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11.01.2018 | Original Article | Ausgabe 4/2018 Open Access

International Archives of Occupational and Environmental Health 4/2018

Interaction effect of job insecurity and role ambiguity on psychological distress in Japanese employees: a cross-sectional study

Zeitschrift:
International Archives of Occupational and Environmental Health > Ausgabe 4/2018
Autoren:
Akiomi Inoue, Norito Kawakami, Hisashi Eguchi, Akizumi Tsutsumi

Abstract

Purpose

We examined the interaction effect of job insecurity (JI) and role ambiguity (RA) on psychological distress in Japanese employees.

Methods

Overall, 2184 male and 805 female employees from two factories of a manufacturing company in Japan completed a self-administered questionnaire comprising the scales measuring JI (Job Content Questionnaire), RA (National Institute for Occupational Safety and Health Generic Job Stress Questionnaire), psychological distress (K6 scale), and potential confounders (i.e., age, education, family size, occupational class, and work shift). Taking psychological distress as a dependent variable, hierarchical multiple regression analyses were conducted by gender and employment status (i.e., permanent and non-permanent employees). An interaction term of JI × RA was included in the model.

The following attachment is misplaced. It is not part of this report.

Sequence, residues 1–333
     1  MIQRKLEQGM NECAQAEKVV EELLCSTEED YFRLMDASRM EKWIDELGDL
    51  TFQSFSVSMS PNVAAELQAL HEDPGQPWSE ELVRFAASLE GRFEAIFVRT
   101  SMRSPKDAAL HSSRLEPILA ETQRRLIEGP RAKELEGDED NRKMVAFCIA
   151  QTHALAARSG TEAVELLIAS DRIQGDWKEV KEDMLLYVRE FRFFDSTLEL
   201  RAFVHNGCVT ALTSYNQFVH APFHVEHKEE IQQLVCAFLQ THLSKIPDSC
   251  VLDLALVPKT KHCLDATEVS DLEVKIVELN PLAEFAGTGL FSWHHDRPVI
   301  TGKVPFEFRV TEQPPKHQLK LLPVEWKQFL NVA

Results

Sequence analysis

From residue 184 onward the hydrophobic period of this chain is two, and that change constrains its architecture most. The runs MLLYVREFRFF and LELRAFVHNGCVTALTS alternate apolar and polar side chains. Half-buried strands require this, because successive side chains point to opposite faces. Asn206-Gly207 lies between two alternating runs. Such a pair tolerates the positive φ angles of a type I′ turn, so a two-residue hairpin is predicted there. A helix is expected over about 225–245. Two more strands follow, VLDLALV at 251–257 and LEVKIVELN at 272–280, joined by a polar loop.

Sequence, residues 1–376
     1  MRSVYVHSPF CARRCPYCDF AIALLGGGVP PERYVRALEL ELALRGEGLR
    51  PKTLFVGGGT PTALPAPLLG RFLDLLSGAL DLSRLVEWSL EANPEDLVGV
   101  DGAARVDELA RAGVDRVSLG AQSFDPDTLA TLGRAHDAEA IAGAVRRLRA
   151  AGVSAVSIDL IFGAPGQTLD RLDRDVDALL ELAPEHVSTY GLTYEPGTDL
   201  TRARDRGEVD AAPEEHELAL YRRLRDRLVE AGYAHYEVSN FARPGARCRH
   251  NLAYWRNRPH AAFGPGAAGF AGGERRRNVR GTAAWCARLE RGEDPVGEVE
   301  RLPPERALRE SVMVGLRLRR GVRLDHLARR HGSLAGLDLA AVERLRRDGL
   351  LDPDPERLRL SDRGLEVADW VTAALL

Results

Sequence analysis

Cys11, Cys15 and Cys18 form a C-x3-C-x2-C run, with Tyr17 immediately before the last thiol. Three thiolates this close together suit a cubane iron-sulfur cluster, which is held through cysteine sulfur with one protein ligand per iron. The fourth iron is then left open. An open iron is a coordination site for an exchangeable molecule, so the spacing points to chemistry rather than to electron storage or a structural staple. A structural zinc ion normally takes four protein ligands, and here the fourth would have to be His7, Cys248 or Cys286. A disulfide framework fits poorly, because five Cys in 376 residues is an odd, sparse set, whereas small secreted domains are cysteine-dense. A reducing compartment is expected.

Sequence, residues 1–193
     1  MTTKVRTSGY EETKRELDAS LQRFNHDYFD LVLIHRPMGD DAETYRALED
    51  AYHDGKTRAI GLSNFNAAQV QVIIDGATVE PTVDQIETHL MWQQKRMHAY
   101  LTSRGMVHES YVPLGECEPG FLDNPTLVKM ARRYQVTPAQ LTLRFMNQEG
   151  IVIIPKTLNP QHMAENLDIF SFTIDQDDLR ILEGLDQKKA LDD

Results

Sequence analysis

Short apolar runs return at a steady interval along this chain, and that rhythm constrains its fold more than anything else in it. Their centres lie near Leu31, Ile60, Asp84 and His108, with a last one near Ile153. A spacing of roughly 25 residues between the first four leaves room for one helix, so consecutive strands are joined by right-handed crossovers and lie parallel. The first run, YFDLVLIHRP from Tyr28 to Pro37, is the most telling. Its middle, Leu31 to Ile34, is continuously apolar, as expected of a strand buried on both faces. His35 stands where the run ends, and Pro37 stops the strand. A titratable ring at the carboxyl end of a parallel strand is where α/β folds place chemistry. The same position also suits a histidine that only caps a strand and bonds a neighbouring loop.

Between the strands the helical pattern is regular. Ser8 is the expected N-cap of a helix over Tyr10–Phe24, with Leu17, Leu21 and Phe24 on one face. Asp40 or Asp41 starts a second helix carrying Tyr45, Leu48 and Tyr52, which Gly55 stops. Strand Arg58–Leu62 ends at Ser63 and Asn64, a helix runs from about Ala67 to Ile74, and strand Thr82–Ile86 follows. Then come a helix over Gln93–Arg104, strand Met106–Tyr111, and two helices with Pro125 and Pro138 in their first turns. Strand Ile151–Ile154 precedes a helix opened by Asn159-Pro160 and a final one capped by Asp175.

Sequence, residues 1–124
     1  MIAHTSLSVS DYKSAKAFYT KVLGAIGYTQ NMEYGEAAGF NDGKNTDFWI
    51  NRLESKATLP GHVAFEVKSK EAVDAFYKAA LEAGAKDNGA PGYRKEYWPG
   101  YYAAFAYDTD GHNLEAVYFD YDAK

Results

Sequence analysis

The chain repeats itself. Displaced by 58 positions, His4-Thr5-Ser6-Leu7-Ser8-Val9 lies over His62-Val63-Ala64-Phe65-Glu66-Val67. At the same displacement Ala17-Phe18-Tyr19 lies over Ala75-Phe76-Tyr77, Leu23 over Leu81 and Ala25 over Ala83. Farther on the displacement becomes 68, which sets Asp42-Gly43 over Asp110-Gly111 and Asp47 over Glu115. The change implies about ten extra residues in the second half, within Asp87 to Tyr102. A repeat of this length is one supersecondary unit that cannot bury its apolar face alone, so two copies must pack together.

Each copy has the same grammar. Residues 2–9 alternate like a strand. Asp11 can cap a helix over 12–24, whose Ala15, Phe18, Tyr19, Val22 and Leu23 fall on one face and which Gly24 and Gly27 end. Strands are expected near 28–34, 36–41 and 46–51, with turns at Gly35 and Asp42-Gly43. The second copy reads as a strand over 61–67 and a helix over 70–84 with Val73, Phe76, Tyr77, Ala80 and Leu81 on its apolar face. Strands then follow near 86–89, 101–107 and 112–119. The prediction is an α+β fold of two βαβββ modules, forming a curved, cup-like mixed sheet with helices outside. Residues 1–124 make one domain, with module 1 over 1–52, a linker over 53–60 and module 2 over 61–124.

Results

After adjusting for potential confounders, the main effects of JI and RA on psychological distress were significant regardless of gender or employment status. Furthermore, the significant interaction effect of JI × RA on psychological distress was observed among permanent male employees (β = 0.053, p = 0.010). Post hoc simple slope analyses showed that the simple slope of JI was greater at higher levels of RA (i.e., one standard deviation [SD] above the mean) (β = 0.300, p < 0.001) compared to lower levels of RA (i.e., one SD below the mean) (β = 0.212, p < 0.001). On the other hand, the interaction effect of JI × RA was not significant among permanent or non-permanent female employees.

Conclusions

The present study suggests that higher levels of RA strengthen the association of JI with psychological distress, at least among Japanese permanent male employees.

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